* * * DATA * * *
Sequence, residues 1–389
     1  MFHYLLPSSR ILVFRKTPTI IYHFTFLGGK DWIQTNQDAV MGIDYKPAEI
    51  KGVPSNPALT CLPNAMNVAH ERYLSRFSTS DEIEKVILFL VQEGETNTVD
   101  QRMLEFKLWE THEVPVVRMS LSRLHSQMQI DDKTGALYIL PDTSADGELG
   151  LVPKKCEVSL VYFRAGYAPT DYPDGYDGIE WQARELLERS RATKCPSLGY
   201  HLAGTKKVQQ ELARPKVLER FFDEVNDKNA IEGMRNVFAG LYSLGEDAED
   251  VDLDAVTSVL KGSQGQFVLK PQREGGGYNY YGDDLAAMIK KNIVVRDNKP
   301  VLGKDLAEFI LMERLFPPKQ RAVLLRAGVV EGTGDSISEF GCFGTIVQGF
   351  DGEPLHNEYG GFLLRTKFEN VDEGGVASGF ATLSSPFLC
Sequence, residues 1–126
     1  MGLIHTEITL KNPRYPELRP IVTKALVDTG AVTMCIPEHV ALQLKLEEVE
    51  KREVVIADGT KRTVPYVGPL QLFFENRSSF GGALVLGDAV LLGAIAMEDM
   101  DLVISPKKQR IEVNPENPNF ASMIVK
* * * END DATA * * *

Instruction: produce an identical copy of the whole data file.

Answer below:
Sequence, residues 1–389
     1  MFHYLLPSSR ILVFRKTPTI IYHFTFLGGK DWIQTNQDAV MGIDYKPAEI
    51  KGVPSNPALT CLPNAMNVAH ERYLSRFSTS DEIEKVILFL VQEGETNTVD
   101  QRMLEFKLWE THEVPVVRMS LSRLHSQMQI DDKTGALYIL PDTSADGELG
   151  LVPKKCEVSL VYFRAGYAPT DYPDGYDGIE WQARELLERS RATKCPSLGY
   201  HLAGTKKVQQ ELARPKVLER FFDEVNDKNA IEGMRNVFAG LYSLGEDAED
   251  VDLDAVTSVL KGSQGQFVLK PQREGGGYNY YGDDLAAMIK KNIVVRDNKP
   301  VLGKDLAEFI LMERLFPPKQ RAVLLRAGVV EGTGDSISEF GCFGTIVQGF
   351  DGEPLHNEYG GFLLRTKFEN VDEGGVASGF ATLSSPFLC
Sequence, residues 1–126
     1  MGLIHTEITL KNPRYPELRP IVTKALVDTG AVTMCIPEHV ALQLKLEEVE
    51  KREVVIADGT KRTVPYVGPL QLFFENRSSF GGALVLGDAV LLGAIAMEDM
   101  DLVISPKKQR IEVNPENPNF ASMIVK